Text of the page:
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Joliet traffic violations attorneyIn today’s society, everyone is busy, going from place to place in a hurry. However, speeding in Illinois is a serious criminal offense. Studies show that traveling at a high rate of speed can cause severe and even fatal car accidents. Speed limits are put in place to protect drivers and pedestrians. In school zones, the speed is reduced even more than on other roadways due the presence of young children. According to the Transportation Research Board, approximately 25,000 children are injured and 100 are killed in school zone accidents each year. It is important for any Illinois driver to know the speed limits when traveling in school zones to avoid a serious traffic violation

Illinois Traffic Laws for School Zones

Under Illinois law, school zone speed limits are set at 20 miles per hour on school days when children are present. It is enforced only when children are likely to be on the street or outside the school building within the designated school zone parameters. However, the 20 mph speed limit is not in effect when children are inside the school building during normal class time. 

Any public or private school may have an established school zone around it, including institutions run by religious organizations. These school zones are typically in effect from 7 a.m. until 4 p.m. and must display clear signage that indicates it is a school zone, the 20 mph speed limit, and that the limit is restricted to when school is in session and children are present.

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Joliet property crimes defense attorneyWhen people hear the words burglary and robbery, they may think they are the same crime. Although similar in nature, there are differences that make them separate in terms of penalties. Whether or not a weapon was involved in committing the act also factors into the legal consequences. Burglary is when a person illegally enters a building in order to commit a crime while inside. Robbery involves taking money or property from a person without permission by force or intimidation with the intent to keep the property permanently. In Illinois, both burglary and robbery convictions are serious crimes and can result in significant prison time in addition to steep fines.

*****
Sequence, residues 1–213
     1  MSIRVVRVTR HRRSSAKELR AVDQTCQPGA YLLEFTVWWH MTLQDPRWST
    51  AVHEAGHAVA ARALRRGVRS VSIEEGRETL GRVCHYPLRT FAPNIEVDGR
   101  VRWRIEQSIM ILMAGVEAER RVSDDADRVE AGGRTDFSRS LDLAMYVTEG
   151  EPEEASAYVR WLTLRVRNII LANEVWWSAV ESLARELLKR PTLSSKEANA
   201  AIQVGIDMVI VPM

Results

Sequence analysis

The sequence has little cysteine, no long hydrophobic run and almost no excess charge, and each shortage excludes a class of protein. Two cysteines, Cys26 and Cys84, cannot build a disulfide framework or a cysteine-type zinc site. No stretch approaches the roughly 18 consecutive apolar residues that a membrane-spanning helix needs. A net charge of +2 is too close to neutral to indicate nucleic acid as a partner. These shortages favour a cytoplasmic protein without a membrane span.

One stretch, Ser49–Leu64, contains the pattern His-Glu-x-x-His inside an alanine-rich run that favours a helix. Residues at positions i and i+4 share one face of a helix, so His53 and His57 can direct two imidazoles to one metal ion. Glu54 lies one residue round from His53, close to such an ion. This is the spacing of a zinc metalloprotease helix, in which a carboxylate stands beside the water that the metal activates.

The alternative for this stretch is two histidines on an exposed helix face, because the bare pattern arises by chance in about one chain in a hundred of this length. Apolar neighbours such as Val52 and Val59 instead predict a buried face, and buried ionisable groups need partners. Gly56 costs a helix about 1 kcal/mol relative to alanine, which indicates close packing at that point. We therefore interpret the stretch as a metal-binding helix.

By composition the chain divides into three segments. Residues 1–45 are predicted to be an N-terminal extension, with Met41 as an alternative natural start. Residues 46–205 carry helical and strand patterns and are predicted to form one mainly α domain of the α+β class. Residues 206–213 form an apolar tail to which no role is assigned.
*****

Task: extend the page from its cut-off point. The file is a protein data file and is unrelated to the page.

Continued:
Penalties for Burglary and Robbery

In most cases, burglary is considered a felony. Illinois laws determine burglary penalties based on certain factors such as:

  • The type of crime the offender intended to commit inside the building;
  • If the perpetrator was armed with a weapon;
  • The type of building involved; and
  • If the building was occupied at the time

The penalties for a burglary conviction depend on the felony class. Typically, burglary is a Class 2 felony in Illinois, which may result in a prison sentence of three to seven years. In some situations, burglary can be charged as a Class 1 felony, which can result in four to 15 years in prison. For felonies that are Class 2 or Class 1, the state may increase the sentence if the defendant has prior convictions for Class 2 felonies or higher. The state may also require a fine up to $25,000.

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